Thursday, 9 November 2017

Limoncello Salt and Coriander Pesto

Towerwater does not only give us an abundance of fruit, vegetables and herbs, but it also challenges our creativity to use the offerings from the garden optimally.

The generous lemon trees give us enough fruit to be relaxed about using it all. Growing up in a home where wasting food was not acceptable, has taught me to use as much of the garden produce as possible.

We use the Cape rough skin lemon to make lemon cordial. This year, I decided to use the skins for limoncello before I squeezed out the juice to make the cordials. After bottling the limoncello, I had a lot of vodka infused peels that would be perfect for baking a lemon cake.

I had no time to bake a cake, and so I decided to dry the lemon peels instead. That would give me a bigger variety of options to use the dry ground peel in salads, cooking and baking. After drying the vodka infused lemon peels, I roughly ground them and added some to a salt grinder to make limoncello salt.

The coriander seeds seemed to struggle when I sowed them in the herb garden last year. This year, I decided to sow them in one of the vegetable beds. The result is that I have coriander coming up like weeds. I made a note to focus on companion planting when it comes to my herbs in future.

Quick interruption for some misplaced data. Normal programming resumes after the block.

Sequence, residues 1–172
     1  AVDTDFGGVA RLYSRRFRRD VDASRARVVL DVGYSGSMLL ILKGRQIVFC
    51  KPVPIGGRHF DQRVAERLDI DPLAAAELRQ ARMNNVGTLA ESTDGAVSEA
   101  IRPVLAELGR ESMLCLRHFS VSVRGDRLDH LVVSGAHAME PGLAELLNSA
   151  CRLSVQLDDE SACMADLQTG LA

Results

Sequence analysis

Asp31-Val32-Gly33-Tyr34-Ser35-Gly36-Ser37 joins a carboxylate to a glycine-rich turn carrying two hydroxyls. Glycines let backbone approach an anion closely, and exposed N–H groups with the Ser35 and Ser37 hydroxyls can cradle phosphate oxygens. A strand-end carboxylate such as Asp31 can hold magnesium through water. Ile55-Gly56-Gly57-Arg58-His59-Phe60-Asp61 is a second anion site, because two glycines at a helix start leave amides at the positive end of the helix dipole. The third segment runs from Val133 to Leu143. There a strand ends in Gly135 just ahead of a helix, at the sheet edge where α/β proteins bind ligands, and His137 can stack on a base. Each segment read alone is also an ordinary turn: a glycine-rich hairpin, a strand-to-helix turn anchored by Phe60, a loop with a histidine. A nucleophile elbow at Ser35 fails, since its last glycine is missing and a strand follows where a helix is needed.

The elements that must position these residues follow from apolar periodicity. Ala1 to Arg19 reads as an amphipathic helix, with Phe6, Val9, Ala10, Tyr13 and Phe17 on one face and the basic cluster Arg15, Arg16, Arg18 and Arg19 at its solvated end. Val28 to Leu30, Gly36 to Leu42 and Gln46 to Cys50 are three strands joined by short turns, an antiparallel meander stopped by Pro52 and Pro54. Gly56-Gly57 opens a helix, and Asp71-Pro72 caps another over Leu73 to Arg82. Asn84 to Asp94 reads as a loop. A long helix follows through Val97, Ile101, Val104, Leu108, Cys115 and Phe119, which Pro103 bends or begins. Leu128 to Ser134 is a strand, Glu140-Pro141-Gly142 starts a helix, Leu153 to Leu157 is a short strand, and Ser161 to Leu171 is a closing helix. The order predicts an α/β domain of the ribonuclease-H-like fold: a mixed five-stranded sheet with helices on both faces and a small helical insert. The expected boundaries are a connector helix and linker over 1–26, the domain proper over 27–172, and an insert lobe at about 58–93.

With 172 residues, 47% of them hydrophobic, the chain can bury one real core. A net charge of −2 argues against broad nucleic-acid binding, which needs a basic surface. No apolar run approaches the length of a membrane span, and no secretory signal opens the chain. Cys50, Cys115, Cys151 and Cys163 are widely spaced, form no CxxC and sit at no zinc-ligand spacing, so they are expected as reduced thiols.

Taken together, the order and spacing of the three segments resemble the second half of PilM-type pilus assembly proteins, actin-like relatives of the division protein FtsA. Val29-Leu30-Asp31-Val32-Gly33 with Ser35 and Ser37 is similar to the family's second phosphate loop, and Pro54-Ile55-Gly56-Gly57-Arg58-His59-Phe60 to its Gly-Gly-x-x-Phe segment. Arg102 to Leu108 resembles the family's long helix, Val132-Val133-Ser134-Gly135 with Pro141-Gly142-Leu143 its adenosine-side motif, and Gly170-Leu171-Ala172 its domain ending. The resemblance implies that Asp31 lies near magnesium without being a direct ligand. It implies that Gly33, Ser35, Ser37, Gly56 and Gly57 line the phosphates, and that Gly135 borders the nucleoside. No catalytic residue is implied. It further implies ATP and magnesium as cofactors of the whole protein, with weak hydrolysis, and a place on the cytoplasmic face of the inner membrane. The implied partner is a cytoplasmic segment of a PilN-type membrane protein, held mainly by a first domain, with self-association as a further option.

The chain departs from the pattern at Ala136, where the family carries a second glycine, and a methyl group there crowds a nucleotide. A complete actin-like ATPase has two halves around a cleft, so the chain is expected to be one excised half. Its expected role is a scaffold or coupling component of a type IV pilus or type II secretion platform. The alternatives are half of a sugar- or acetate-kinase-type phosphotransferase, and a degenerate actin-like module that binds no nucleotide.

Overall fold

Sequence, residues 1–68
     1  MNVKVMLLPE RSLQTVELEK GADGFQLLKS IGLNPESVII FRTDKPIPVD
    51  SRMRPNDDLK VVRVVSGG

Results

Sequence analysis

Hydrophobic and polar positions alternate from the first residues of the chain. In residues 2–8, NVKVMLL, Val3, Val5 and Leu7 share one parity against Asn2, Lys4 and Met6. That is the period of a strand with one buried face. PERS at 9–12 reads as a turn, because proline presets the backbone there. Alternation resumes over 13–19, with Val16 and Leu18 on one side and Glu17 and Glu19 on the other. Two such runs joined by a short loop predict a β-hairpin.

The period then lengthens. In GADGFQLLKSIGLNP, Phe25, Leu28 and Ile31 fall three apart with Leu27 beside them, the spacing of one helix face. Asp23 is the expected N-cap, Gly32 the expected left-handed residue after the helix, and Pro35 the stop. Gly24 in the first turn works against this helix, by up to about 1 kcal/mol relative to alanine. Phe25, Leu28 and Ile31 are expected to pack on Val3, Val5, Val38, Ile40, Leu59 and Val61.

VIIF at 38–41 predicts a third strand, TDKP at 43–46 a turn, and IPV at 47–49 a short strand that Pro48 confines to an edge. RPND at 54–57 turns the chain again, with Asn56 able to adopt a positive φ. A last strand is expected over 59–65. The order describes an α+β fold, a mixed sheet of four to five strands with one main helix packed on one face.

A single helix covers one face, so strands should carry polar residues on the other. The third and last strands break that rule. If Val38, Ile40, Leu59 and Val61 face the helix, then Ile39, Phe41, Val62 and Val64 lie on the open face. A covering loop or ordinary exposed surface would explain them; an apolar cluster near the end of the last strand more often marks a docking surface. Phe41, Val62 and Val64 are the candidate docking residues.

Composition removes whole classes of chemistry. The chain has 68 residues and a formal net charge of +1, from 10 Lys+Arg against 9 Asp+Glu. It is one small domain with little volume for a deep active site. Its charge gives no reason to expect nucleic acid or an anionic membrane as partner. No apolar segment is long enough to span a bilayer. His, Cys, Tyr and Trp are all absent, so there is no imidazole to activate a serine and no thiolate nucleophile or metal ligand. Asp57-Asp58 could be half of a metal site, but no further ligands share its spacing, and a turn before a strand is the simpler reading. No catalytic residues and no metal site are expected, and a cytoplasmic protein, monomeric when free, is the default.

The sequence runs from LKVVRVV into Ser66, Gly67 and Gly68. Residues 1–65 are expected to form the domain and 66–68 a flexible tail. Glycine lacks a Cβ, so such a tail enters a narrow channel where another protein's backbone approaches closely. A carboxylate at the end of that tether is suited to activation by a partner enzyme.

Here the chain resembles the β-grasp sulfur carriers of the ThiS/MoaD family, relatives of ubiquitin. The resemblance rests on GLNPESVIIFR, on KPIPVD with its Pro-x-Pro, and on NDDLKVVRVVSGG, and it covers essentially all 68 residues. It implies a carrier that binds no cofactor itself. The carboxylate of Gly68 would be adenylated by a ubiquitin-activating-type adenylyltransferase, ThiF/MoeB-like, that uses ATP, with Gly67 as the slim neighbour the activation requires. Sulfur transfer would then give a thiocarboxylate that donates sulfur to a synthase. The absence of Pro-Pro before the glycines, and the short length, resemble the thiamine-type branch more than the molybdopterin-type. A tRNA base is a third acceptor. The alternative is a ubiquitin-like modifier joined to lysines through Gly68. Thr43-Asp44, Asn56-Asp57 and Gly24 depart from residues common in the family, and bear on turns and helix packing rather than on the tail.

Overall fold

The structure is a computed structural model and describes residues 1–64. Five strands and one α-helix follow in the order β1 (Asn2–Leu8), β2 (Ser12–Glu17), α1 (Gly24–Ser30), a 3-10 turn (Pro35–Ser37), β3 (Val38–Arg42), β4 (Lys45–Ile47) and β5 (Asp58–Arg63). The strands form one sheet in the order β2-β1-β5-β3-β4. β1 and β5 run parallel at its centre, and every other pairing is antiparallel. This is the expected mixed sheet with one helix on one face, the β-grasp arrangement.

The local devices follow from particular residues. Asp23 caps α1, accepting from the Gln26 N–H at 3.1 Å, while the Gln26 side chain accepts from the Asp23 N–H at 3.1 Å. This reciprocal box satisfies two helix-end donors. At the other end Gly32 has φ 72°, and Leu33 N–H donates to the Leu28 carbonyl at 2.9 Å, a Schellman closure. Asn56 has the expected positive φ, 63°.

With a healthy crop of coriander in the garden, I needed to use a lot to really make use of them at their most flavourful. I decided to make coriander pesto. Coriander pesto brings together three of my favourite flavours, coriander, Parmesan cheese and garlic.

Making the pesto, filled the kitchen with the fresh fragrance of coriander, the rich nuttiness of the Parmesan and the earthy aroma of the pine nuts. Just to add some Towerwater flavour to the pesto, I decided to use my freshly made limoncello salt instead of the plain salt required by the recipe.

Towerwater coriander pesto

1              bunch coriander
4              garlic cloves
100ml      pine nuts
1/2         cup olive oil
1/4         cup grated Parmesan cheese
Limoncello salt and pepper to taste

Put the coriander in a bowl and chop with a stick blender. Add the garlic and pine nuts and pulse to combine. Add about half the olive oil and blend until a paste begins to form. Add the remaining olive oil, Parmesan cheese, pine nuts and garlic. Blend to a paste. Add salt or pepper to taste. Enjoy on crostini or pasta.

It is amazing how much one can use of a lemon if you think about it a little.  

1 comment:

  1. Very interesting post thanks. It seems that the possibilities are only constrained by the extent of your creative imagination. Limoncello salt and coriander pesto! I doubt very much that mine could stretch that far!


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